The Skyscraper Museum is devoted to the study of high-rise building, past, present, and future. The Museum explores tall buildings as objects of design, products of technology, sites of construction, investments in real estate, and places of work and residence. This site will look better in a browser that supports web standards, but it is accessible to any browser or Internet device.
Shanghai today is a vast metropolis, physically transformed by the twin emblems of the modern city, high-rises and highways. In the historic core, Puxi, skyscrapers of 30 to 60+ stories have replaced traditional lane housing and low-rise neighborhoods. In the new district of Pudong, on the east side of the Huangpu River, a master plan dictates taller towers rising from open green space. The climax of the Pudong skyline is a trio of iconic supertalls: Jin Mao, Shanghai World Financial Center, and Shanghai Tower (2014), expected to reach 632 meters to become the tallest building in China and second tallest in the world.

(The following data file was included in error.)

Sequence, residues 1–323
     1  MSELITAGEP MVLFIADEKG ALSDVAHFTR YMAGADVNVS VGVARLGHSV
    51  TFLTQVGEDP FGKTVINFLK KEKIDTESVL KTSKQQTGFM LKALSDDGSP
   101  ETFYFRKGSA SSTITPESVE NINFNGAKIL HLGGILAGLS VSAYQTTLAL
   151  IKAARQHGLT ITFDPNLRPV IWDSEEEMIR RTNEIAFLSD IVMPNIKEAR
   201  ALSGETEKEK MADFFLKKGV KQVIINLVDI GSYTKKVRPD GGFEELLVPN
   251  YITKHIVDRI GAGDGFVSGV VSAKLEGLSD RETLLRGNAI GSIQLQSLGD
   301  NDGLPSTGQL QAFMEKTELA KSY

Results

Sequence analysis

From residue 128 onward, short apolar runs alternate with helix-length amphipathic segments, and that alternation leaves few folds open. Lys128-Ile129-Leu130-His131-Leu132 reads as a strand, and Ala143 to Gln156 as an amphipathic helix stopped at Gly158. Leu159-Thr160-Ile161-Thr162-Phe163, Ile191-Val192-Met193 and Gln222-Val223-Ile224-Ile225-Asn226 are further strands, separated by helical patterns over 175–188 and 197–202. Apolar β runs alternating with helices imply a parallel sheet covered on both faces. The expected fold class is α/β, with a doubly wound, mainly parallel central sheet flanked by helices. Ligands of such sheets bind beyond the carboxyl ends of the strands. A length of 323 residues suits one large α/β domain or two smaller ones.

The scale and speed of Shanghai's rise reproduces and even surpasses Manhattan's historic ascent in the early twentieth century. As the world's largest city in 1930, New York boasted a population of nearly 7 million and some 200 skyscrapers --more than all other cities combined at that time. Today, as high-rises proliferate everywhere, Hong Kong holds the title with 7,200. Still ascending, though, Shanghai is surely China's prophecy of the urban future.